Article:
Slides 9: Education and Treatment of Children Article
Slide 10: Personal Reflection
Slide 11: “A-Ha” Moments/ Conclusion
Slide 12: Author’s Quote/Citations
COMPUTER LITERACY INTEGRATED INTO ELEMENTARY MATHEMATICS AND SCIENCE TEACHER EDUCATION
The focus of the research was on computers in the classroom.
Before using computers in the classroom, the future educators must be comfortable and knowledgeable of the technology.
Four standards or procedures stated in the article for future educators to follow are: (1) basic technology operations and concepts, (2) application of technology in instruction, (3) professional and personal use of technology, and (4) the societal, ethical, and human impact of technology. (Halpin 1999)
Regina Halpin states the future educators should go through computer training in their required course work.
For example, math teachers can teach their students how to make charts and graphs by using tools such as spreadsheets and Excel.
Results for the 73 preservice teachers questioned: 76% were comfortable using word processors, 31% using e-mail, and 23% using a Web browser.
After completing the technology-integrated method courses, all the preservice teachers stated they were more comfortable using all three tools.
I agree with Regina Halpin and her article. I think future teachers should be comfortable using different technologies in the classroom, especially the computer. There are many great tools one can use from the computer. For examples, the Internet, Excel, Word, PowerPoint, etc. I believe this class has brought attention to the importance of technology in the classroom. In addition, having confidence in ourselves will show in our classroom when we teach our students.
Bruce M. Whitehead and Kay Clayton Cain, installed computers in Hellgate Elementary School in California.
The teachers were at first reluctant to have the computers installed because they believed the computers distracted their students.
Other complications: equipment breakdowns, the students' frustration, and their own feeling that precious class time was slipping away.
However, the teachers took some classes to become more comfortable with the new tools. This resulted in the teachers wanting the computers in the classroom.
Computers were installed in grades 1 through 5, over a 3 year plan.
Math scores on the California Test of Basic Skills increased 20% points from the pervious year; due largely to the math software installed on the computers.
Also, the teachers improved communication among themselves. (They send and receive messages through e-mail)
Working in pairs at the computer has enhanced cooperative learning. Intrigued and encouraged by visual, auditory, and tactile stimuli, children are racing ahead in math and other subjects. There also was a rise in the quantity and quality of the children's writing.
Whitehead, Cain 1994
I love the idea of having computers in the classroom. However, I do understand where some teachers might think they will bring distractions. This article illustrates the benefits for both the teachers and the students. The faculty was more in touch with one another and the level of confidence of the students was amazing. Also, using computers at a young age will only enhance the students’ performances in the later years of the education career.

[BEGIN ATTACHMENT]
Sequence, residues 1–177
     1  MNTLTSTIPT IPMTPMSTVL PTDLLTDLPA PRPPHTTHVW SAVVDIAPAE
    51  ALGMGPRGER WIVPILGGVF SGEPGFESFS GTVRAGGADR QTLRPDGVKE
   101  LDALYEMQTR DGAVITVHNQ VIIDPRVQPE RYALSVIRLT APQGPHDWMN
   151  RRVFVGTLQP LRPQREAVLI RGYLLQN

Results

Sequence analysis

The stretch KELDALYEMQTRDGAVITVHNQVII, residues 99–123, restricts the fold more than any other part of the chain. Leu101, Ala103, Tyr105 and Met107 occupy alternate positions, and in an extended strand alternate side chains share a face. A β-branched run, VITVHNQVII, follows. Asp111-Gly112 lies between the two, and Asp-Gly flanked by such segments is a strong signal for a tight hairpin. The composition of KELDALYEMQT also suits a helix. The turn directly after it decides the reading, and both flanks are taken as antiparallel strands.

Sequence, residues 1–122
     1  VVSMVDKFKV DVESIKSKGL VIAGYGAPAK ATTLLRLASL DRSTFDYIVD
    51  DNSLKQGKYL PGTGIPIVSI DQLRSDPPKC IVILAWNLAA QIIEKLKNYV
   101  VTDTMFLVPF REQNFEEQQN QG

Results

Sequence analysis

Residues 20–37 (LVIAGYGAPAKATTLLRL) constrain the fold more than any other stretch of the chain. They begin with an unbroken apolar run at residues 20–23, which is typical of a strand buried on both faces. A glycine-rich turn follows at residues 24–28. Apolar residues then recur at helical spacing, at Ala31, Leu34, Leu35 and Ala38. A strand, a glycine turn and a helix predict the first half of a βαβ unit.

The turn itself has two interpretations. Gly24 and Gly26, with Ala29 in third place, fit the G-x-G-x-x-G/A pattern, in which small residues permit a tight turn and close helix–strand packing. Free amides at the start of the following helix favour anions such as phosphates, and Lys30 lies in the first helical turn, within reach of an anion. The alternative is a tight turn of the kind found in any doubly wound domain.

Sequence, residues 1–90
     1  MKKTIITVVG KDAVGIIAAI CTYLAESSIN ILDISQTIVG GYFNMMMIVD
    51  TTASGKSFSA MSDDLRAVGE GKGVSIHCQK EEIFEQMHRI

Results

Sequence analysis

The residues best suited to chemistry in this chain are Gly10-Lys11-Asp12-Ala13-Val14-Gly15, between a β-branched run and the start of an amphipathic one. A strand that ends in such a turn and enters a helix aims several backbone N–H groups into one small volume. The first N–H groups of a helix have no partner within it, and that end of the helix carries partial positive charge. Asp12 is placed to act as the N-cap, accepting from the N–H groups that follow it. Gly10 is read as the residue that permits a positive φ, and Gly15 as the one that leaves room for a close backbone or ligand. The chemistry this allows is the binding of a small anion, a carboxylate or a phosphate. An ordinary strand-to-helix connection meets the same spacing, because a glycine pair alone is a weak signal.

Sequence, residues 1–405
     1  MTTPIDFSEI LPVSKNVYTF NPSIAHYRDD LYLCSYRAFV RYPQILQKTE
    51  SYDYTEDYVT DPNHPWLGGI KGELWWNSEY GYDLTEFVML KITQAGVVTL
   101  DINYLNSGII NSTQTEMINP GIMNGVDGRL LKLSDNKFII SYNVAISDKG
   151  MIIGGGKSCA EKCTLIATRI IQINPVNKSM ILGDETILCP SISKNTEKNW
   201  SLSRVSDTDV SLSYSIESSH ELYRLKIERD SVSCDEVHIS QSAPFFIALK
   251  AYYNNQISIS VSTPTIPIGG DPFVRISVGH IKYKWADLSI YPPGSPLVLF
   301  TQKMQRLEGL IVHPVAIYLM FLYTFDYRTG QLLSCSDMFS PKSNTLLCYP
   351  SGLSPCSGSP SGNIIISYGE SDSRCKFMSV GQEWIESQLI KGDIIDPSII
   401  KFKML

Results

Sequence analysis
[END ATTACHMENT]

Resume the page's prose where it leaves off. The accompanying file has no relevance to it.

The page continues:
EDUCATION AND TREATMENT OF CHILDREN
Computers are not just valuable in the classroom but also for students with learning or physical disabilities.
This article followed the process of a handheld computer used by a third-grader with emotional and behavioral disorders.
The student showed the ability to self-monitor his attention using a mobile handheld computer and showed increased on-task behavior. This was the first study to demonstrate the effectiveness of using a mobile handheld computer for self-monitoring.
Using technology tools in the classroom to help enhance the performances of disable students in the classroom is great. Not only does the student become more independent, they also are fitting in with their fellow classmates.
“ A-HA” MOMENTS/ CONCLUSION
My first “a-ha” moment was the from Regina Halpin’s article. I did not think that many preservice teachers were uncomfortable using computer. I am glad to have taken this class. Second “a-ha” moment was getting ideas on how to help my future students by having computers in the classroom. Third “a-ha” moment was the fact that computers are useful beyond the classroom, also in everyday life.
In conclusion, computers will one day be the focal point of the classroom. Whether it be doing homework assignments, lesson plans, or even games; technology will continue to grow.
"The only way we, as trustees, can expect visionary schools is for us to become part of the vision. . . . Having the vision to establish networked computers in our elementary classrooms puts all of us on the edge of a great discovery in education." Whitehead, Cain 1994.
Haplin, Regina. A Model of Constructivist: Computer Literacy Integrated into Elementary Mathematics and Science Teacher Education. Journal of Research on Computing in Education. Fall 1999. Vol. 32, Number 1.
Whitehead, Bruce M., Cain, Kay Clayton. Put Computers into Elementary Classrooms – not Labs. Education Digest. Dec 1994. Vol. 60, Issue 4.
Gulchak, Daniel J. Using a Mobile Handheld Computer to Teach a Student with an Emotional and Behavioral Disorder to Self-Monitor Attention. Education and Treatment of Children. Nov. 2008. Vol. 31, Issue 4; pg 567-582.